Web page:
Economic Heatwave: What Could Go Wrong in 2018?

Economic activity in the manufacturing sector expanded in November, and the overall economy grew for the 102nd consecutive month, say the nation’s supply executives in the latest Manufacturing ISM® Report On Business®.

The PMI increased to the highest level since March 2011. Furthermore, increases in production (best in 34 years), New Orders, Backlogs and Unfilled Orders.

Of the 18 manufacturing industries, 14 reported growth in November.

Sounds pretty hot, right?

On December 10th, before the tax bill passed, the Financial Review published an article titled, “The US economy may be getting too hot.”

Interesting idea, as the tax bill came thereafter. Many economists believe that the fiscal stimulus is “very poorly timed.”

In a conversation we had with Ellen Zentner, chief economist for Morgan Stanley, she said that tax cuts are most effective when the economy is floundering and not necessarily effective at this late stage.

My takeaway from that conversation is that not only might the impact prove potentially impotent, it could lead to inflation that outpaces economic growth.

With a new Federal Reserve chairman, one that Ms. Zentner says is competent and a team player, what could possibly go wrong?

The theory behind the tax cuts are that with corporate rates falling from 35 to 21%, corporations will use the extra money for new investments.

However, companies now spend about $71 billion a month, a level virtually unchanged since late last year.

Passage of the tax cuts have pushed Wall Street to boost its forecasts faster than corporations have increased their actual spending.

The gap between the projections and actual outlays is now the widest since August. (Blomberg 12/28/17)

On the other hand, about 36 percent of corporate executives say they plan to increase capital investment in 2018, which is four times more than in 2016.

It’s too soon to know what corporations will do-use the boon to buy back their own stocks or invest in growth.

Therefore, we look back to the Federal Reserve, never to be underestimated in setting monetary policy that directly impacts the economy and markets.

If Powell follows in the footsteps of Janet Yellen, his focus will be on employment numbers and inflation data.

How will we know if the economy is overheating?

  1. Rising rates of inflation which could lead to rising interest rates.
  2. Abnormally high levels of consumer confidence.

Inflation is a lagging indicator. For example, in a 2-year span between 2004-2006, the Fed raised the rates 17 times. However, by 2008, inflation hit a cycle high. We all know what happened next.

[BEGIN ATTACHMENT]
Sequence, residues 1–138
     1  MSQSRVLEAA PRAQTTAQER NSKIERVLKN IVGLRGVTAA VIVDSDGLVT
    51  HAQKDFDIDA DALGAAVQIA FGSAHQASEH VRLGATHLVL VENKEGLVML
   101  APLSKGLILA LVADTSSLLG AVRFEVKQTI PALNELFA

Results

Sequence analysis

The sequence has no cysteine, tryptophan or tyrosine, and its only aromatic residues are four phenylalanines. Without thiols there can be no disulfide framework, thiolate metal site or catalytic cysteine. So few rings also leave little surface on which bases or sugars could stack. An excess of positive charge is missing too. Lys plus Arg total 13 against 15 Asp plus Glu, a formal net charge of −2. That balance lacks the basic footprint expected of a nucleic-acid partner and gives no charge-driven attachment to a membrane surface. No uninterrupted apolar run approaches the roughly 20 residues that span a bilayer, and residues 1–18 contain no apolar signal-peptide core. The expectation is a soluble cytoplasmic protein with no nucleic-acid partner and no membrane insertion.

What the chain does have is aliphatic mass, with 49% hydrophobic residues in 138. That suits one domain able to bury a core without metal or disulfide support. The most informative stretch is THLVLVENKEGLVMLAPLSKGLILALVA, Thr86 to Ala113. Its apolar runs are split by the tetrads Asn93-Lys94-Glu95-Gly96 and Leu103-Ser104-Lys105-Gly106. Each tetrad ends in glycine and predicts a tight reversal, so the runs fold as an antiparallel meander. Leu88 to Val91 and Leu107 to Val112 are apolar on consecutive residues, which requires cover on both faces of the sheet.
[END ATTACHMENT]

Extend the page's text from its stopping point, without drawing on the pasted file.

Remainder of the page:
Presently, inflation is at 2.2%. Energy prices rose at a fast pace, which led to the stronger than expected number.

Consumer confidence in December, slid a bit off its 17-year highs. However, despite the decline, expectations remain at historically strong levels.

In 2000, the consumer confidence index was over 140%. Currently, it’s at 122.1%. Highest it’s been since 2000, but not quite at euphoric levels yet.

So, what can we investors look for?

Gold and silver, basing over the last 3 weeks, will react first. If metal investors see more proof of rising inflation, that could serve as a warning that the economy is too hot.

Incidentally, the US dollar impacts this as well. A lower dollar and higher rates is a huge red flag.

Keep focus on the Modern Family. Particularly watch the small caps, Russell 2000, Transportation and Retail (brick and mortar). IYT, Transportation, is tantamount and must hold recent gains.

Watch for any reversal of trend in employment numbers. 2 consecutive upticks in unemployment will not be perceived well.

Finally, completely out of investor control-geopolitical risks. Besides the ongoing Russian investigation, North Korea and the Middle East continue to bubble. War, what is it good for?

This is the last Daily for 2017. After the new year, I will write a lot more about investment trends and favorite picks.

Have a healthy and a happy New Year. Thanks for all of you support!

S&P 500 (SPY) 267 pivotal support

Russell 2000 (IWM) 153 key support now

Dow (DIA) 247 pivotal support

Nasdaq (QQQ) 157.21 resistance

KRE (Regional Banks) 59.25 pivotal

SMH (Semiconductors) Through 99 better

IYT (Transportation) Runaway gap well intact if does not trade down to 190.31

IBB (Biotechnology) Through 107.50 see 110 at least. Under 105 some trouble.

XRT (Retail) 46.00 pivotal number. 45 pivotal support

IYR (Real Estate) 80.00 now support

GLD (Gold Trust) A bit overbought so expect some digestion

SLV (Silver) If good, should close week over 15.74

XME (S&P Metals and Mining) Looks explosive

USO (US Oil Fund) $60 a barrel a barrier to clear

XOP (Oil & Gas Exploration) 37.00, a new leg and now place to hold

TAN (Solar Energy) looking good

TLT (iShares 20+ Year Treasuries) 124.50 -127 new range

UUP (Dollar Bull) 24.24 now resistance with 24.06 support